includes an audio commentary from 2002 with Luhrmann, Choreographer John "Cha Cha" O'Connell
and Production Designer Catherine Martin
and a new half-hour chronicle of the story behind the film, which was a Cinderella story in itself, from a student musical to a plucky little film with a first-time director and star to a dubious opening with a negative review, all the way to a Cannes Film Festival award win. This film was quite a change of pace in its day, many years before the dawn of popular TV dance competition shows like Dancing with the Stars
and So You Think You Can Dance.
Have to add, though, that the first time Antonio Vargas
and Paul Mercurio
begin the pivotal paso doble dance, it can't help now but conjure up an image of Buzz Lightyear
's Spanish mode in Toy Story 3.
DON'T FIRE THIS "APPRENTICE" -- IT'S BETTER THAN YOU MIGHT HAVE THOUGHT
Posted on Dec 03 2010 by Greg
When Disney announced a live action adventure feature based on The Sorcerer's Apprentice
, at first it was met with disbelief. When it became clear that it was a action/fantasy more in the manner of a modern day Harry Potter, the general reception improved. However the box office did not yield results as spectacular as the resulting film.
It's a shame because my family and I enjoyed it in the theather and again seeing it at home on this DVD/Blu-Ray release
. Nicolas Cage
plays the mentor sorcerer Balthazar in the manner of his performance in National Treasure
, a crowd favorite, and Jay Baruchel (who scored much higher, box-office-wise, in How to Train Your Dragon) does a creditable job as a likable young nerd who learns the apparent connection between science and magic.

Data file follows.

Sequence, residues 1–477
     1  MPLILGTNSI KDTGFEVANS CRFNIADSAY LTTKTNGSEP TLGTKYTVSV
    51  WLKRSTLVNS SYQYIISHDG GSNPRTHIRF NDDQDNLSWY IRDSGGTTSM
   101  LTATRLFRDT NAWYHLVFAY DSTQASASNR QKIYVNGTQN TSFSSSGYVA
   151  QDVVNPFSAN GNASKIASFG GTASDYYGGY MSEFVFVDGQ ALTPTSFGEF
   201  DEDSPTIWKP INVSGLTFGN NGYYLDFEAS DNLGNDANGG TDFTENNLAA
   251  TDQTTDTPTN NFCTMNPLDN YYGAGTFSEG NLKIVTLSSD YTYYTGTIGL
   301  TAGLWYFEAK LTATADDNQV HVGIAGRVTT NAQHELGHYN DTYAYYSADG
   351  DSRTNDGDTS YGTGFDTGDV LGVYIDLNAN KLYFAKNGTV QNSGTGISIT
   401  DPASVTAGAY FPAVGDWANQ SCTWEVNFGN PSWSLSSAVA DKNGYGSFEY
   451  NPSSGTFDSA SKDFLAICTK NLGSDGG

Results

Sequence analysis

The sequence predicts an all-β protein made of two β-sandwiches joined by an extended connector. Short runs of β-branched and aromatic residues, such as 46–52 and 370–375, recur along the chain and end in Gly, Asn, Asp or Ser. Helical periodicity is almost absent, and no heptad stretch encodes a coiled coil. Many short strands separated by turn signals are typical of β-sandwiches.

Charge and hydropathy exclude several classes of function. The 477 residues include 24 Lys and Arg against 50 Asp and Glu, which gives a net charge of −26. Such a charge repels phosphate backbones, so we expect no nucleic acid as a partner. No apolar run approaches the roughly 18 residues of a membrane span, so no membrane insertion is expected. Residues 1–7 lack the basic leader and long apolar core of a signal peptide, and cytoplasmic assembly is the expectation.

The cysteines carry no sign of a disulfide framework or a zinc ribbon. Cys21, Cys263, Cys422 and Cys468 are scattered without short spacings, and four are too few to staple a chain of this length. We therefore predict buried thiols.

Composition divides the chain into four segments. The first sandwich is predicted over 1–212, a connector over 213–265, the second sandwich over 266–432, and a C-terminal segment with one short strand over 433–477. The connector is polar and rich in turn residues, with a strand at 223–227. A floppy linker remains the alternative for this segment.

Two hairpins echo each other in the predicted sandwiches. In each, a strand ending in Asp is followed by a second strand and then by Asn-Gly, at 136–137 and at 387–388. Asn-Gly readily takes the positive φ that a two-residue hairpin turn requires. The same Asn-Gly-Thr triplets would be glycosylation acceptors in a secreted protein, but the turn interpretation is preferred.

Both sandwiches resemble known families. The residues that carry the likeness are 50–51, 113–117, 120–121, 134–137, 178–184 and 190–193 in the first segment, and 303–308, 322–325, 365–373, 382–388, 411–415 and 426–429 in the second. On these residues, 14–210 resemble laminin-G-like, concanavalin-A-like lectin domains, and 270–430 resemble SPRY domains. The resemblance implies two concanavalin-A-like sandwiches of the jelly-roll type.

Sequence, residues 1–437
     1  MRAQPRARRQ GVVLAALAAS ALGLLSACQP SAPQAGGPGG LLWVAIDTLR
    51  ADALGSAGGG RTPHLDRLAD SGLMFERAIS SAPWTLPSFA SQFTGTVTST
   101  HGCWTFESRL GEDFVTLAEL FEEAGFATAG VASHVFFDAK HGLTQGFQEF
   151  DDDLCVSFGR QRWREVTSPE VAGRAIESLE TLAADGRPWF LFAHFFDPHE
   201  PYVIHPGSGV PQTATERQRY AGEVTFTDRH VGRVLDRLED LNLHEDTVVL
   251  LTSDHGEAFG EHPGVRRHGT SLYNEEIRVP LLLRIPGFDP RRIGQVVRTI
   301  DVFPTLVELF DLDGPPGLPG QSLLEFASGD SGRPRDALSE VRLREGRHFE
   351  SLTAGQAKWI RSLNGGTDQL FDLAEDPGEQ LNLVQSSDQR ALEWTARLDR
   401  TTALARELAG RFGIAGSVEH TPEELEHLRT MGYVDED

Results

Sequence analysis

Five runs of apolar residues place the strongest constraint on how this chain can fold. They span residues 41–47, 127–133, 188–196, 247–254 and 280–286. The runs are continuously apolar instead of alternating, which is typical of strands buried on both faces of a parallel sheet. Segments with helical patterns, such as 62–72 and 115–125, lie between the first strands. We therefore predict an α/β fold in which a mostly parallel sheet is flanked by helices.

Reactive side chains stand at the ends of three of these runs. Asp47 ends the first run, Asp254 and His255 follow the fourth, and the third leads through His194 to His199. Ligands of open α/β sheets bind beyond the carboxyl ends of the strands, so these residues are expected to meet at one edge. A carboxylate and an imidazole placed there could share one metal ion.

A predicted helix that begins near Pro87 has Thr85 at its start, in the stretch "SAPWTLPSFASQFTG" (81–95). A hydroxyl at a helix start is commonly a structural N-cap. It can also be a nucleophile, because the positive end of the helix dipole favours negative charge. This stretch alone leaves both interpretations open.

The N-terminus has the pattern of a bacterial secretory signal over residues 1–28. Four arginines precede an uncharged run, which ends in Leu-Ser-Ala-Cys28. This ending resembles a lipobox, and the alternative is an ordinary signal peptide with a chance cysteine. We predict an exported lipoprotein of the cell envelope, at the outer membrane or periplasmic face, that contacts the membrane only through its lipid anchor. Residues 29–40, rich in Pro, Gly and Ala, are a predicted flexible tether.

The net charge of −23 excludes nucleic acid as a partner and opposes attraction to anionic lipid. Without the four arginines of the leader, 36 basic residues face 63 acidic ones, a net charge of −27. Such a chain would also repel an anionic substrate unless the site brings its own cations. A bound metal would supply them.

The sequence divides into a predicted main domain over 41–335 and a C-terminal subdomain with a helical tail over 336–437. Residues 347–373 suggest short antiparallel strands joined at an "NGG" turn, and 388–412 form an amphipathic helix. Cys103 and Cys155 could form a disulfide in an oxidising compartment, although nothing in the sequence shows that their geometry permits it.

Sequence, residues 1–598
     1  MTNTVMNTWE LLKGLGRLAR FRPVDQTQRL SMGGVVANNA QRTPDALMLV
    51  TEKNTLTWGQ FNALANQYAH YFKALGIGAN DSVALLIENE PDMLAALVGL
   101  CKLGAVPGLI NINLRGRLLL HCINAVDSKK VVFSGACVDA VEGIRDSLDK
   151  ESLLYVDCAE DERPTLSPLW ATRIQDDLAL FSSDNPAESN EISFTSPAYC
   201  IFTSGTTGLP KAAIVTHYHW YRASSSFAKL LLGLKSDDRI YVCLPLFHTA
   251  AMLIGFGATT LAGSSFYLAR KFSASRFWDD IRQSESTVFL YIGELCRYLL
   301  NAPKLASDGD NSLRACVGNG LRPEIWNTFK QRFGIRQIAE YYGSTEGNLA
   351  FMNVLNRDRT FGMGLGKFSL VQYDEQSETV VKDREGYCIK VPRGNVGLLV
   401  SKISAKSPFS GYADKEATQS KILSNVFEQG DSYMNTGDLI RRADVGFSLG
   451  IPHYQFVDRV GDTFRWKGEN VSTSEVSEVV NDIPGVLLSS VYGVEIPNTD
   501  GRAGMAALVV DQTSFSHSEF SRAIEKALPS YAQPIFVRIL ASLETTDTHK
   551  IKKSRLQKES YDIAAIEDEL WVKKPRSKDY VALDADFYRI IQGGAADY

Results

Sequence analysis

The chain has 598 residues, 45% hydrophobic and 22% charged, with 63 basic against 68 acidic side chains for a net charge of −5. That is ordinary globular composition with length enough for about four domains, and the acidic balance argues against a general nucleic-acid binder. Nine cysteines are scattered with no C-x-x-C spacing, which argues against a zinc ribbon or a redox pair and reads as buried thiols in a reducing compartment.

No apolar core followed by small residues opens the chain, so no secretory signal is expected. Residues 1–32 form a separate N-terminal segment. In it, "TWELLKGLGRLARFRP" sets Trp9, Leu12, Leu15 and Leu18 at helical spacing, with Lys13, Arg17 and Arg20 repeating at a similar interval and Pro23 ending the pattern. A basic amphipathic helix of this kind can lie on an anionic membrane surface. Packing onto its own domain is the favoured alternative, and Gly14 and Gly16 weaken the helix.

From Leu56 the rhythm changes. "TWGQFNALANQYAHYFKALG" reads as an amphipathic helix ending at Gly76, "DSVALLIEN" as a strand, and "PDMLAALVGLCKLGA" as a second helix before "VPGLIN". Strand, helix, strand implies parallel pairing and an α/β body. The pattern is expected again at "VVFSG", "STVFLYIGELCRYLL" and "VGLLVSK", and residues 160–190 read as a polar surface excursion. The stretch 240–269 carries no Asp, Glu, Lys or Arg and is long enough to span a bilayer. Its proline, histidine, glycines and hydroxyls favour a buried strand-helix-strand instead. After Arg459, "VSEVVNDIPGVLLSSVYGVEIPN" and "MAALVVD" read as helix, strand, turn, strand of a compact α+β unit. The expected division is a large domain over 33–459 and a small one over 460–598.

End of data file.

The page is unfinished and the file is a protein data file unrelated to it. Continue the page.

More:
The cast appears to be having a ball. The always entertaining Alfred Molina delights in yet another larger-than-life villain role, much more rich than the one he was given in Prince of Persia.
There are some deleted scenes as bonus features (more on the Blu-Ray than the DVD) and making-of feature, but no commentary, which might have been welcome. However there is that thoughtful narrative description feature for the sight impaired and those of us who might like to listen to the movie without watching -- like the classic Disneyland Storyteller LP series of days past.
The film's centerpiece of course is the iconic broom sequence made so famous by Mickey Mouse's definitive Fantasia
performance and Paul Dukas' masterful music. It's cute and brilliantly executed (as one of the bonus features prove) but hardly the same as the animated version. However, these moments of sheer magical whimsy put me in the mind of Bedknobs and Broomsticks
and made me yearn for a all-out family fantasy in the classic Disney tradition. Maybe someday...
"PAWS" TAKES A FEW NIBBLES FROM OTHER HOLIDAY KIBBLES
Posted on Dec 02 2010 by Greg
It's been said that there are only seven basic storylines for westerns. The same might be said for Christmas movies and The Search for Santa Paws